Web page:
Works council presents workload plan: ‘If this continues, people are going to collapse’

14 Apr 2021

The workload at universities is so high that employees are collapsing. That was once again emphasized with a nationwide protest. Because additional financing will take a while, the Nijmegen Works Council is making a start with eleven measures that will reduce the workload in the short term.

‘The workload has never been this high. I am afraid that some people soon won’t be able to take it any longer’. Ezra Delahaije, Chairman of the Works Council (WC), sounds serious, and not without reason. Delahaije believes that things must change at the university as soon as possible. ‘Many things have been arranged the same way for years, but that’s simply become untenable in this corona period. I see many employees with burnout-related complaints. If this continues, people will really start to collapse.’


His concerns are widely shared in the university community. Yesterday, for example, there were campaigns in various places in the country for a ‘Normal Academic Standard’. According to the activists, more money must be made available from the government in order to guarantee the quality of education and research. In Nijmegen, a puppet of Erasmus was carried to the Spiegelwaal and water was symbolically put to its lips.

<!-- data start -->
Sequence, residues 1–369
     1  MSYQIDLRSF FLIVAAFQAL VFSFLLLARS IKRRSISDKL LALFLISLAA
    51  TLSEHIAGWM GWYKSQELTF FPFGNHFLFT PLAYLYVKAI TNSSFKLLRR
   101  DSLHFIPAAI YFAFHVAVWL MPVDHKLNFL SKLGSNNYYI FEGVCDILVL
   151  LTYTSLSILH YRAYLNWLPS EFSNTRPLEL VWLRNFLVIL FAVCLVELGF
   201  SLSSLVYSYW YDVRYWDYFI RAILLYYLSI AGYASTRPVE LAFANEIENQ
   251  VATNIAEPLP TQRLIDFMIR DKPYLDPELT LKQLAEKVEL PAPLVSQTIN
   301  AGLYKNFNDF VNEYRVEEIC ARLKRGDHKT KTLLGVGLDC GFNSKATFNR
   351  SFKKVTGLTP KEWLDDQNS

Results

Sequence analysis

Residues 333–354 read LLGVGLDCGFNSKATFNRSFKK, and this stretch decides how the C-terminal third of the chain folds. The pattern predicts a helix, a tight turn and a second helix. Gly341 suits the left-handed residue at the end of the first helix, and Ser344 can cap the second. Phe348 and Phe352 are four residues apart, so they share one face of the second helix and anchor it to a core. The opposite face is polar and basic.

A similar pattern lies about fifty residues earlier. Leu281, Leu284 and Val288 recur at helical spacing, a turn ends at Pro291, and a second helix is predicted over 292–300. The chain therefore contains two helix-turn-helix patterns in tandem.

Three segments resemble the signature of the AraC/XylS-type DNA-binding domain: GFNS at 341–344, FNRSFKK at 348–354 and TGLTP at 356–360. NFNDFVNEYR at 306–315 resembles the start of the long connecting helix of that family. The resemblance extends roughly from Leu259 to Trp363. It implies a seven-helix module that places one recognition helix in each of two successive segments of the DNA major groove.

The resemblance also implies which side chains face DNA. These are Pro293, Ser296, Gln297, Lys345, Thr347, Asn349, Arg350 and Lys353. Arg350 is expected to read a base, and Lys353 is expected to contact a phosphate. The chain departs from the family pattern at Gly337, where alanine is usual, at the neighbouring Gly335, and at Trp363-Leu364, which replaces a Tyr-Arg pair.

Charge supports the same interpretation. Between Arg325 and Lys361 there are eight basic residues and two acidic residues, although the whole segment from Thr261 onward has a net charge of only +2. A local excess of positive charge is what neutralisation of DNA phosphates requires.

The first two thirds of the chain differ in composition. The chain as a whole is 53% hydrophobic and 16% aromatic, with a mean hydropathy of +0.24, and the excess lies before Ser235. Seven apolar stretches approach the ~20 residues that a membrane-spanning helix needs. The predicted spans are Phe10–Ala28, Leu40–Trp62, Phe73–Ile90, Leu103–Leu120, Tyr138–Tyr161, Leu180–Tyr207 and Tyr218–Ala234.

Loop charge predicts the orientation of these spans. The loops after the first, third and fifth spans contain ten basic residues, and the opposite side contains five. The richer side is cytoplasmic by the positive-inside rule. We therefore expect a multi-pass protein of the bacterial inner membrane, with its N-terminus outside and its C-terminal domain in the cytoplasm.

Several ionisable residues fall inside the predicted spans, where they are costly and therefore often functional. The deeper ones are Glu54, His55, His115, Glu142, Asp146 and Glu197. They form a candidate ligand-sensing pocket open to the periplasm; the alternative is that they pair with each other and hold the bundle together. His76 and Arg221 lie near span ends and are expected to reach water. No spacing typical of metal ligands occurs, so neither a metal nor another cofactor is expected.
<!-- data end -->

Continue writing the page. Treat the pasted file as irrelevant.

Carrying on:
Delahaije is happy that the problem is being taken so seriously but confirms that solutions must not only come from The Hague, but certainly also from Radboud University itself. To make this concrete, the Works Council and the University Student Council presented a joint workload plan last February with eleven points (see box).

Making profit

Some of them have since been put into effect, Delahaije says. ‘Various departments have already informed employees that more money has been made available that can be claimed. Some contracts and investigations are also assessed differently or investigation deadlines are being extended.’

But that is only the beginning if it is up to the Works Council chairman. ‘There is still a lot to be gained – especially in terms of students being delegated to supporting tasks. We have a large number of student assistants and support staff who hardly have any work due to the corona crisis. On the other hand, there are employees who hardly get to work due to their domestic tasks. It may sound crazy, but why not deploy those staff who are currently out of work in the household to support another employee?’

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